I did this crazy thing again of attending two conferences virtually at the same time – I presented at OER16 in Edinburgh in the morning, then was participating in OLCInnovate in New Orleans in the evening. As a virtual participant and presenter, I probably get a different vibe on a conference than those onsite. I usually get a lot from watching and reading tweets about keynotes, and I also get a very particular view based on who participates in the Virtually Connecting sessions we do.
A key takeaway from OER16 for me was the challenging of “open”. Not only what it means (which we have been doing for a while), and not only challenging the content-centredness of Open Educational Resources (that’s also been challenged a lot), but also challenging open as a necessarily good thing, and also as a necessarily web-dependent thing. I got this from some Twitter conversations (e.g. someone mentioned openness in the pre-internet age), from the response on Twitter to the session on Self as OER (abstract & slides) I co-presented with Suzan Koseoglu, and from the keynote by Catherine Cronin followed by the Virtually Connecting session with Catherine Cronin and Jim Groom. Catherine challenged the binaries of open/closed, as did a presentation by Andrew Middleton and Katherine Jensen (abstract & slides). Jim talked about how sometimes focusing on OER as textbooks could be detrimental when it reduces funding for public education (link to his keynote).
I found it really interesting that a conference called Innovate had an entire museum-like thing (they called it Innovation Installation and its digital version is still live) critically exploring the roots of the term Innovation and challenging it – this was led by Rolin Moe, and was located in the vendor area. If you watch the Virtually connecting session with Rolin, or check out the website, you’ll learn about roots of the term innovation that have historically been negative rather than how we usually use it in a positive sense now.
But what was innovative about OLCInnovate? Laura Gogia mentions several ways in this blogpost and this video. What I found particularly interesting in how Laura Gogia approached her steering committee role, is that she focused on how her experience was as a newbie and student at another OLC conference (#et4online) exactly a year ago – and sought ways of improving that kind of experience for others.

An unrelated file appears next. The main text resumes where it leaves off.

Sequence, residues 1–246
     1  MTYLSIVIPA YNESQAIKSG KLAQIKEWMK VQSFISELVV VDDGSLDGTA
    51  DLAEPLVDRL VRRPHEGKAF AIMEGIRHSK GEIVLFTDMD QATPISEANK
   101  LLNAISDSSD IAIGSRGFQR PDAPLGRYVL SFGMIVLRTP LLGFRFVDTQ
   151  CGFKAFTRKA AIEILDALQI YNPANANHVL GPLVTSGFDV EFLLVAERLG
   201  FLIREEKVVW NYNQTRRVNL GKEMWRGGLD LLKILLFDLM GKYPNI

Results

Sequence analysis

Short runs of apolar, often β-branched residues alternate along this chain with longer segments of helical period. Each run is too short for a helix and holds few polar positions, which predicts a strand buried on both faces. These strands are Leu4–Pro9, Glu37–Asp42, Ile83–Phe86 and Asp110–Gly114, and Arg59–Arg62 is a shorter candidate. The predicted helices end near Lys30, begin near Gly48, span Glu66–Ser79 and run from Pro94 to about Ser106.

One of the things I liked in this conference were the keynote lightning talks. What a great way to allow multiple voices to take center stage and expose the audience to several different ideas in a short amount of time. It’s difficult to drift off during lightning talks, though it can be mentally taxing to watch so many in a row. I found it stimulating, but as a virtual participant watching them after-the-fact, I could pause and go back to the recording throughout the day. I also know there were opportunities to talk with those lightning keynote speakers later (we also had a Virtually connecting session with Chris Gilliard on Digital Redlining which is highly recommended).
Another aspect I really enjoyed was a session I co-presented entitled Meeting the Potential of Hybridity: Equity, Access and Inclusion. Now I have been a virtual participant at conferences and presented virtually at conferences more times than I can count in the last couple of years. This session, co-presented with several of the Virtually Connecting team, invited onsite participants to reflect on how to improve the hybrid conference experience. What I enjoyed most about it was that three of the virtual participants (myself, Alan Levine and Apostolos Koutropoulos) were able to sit (via a laptop) on different tables during the event and have conversations with onsite participants (with the help of our onsite presenters Rebecca J. Hogue, Autumm Caines, Andrea Rehn and Whitney Kilgore). Because we were the virtual participants, we were central to the conversation with onsite participants and really felt like we were there. There was also another session where virtual participants were able to join in live and discuss the session with onsite participants – this was Matt Crosslin’s presentation on #humanMOOC (recording here).
Of course, my perspective on both these conferences is completely partial. I only had a glimpse of each conference… but those are the main things I took away from these events.
Did you recently attend a conference that challenged its own conference name/title? Tell us in the comments!Return to Top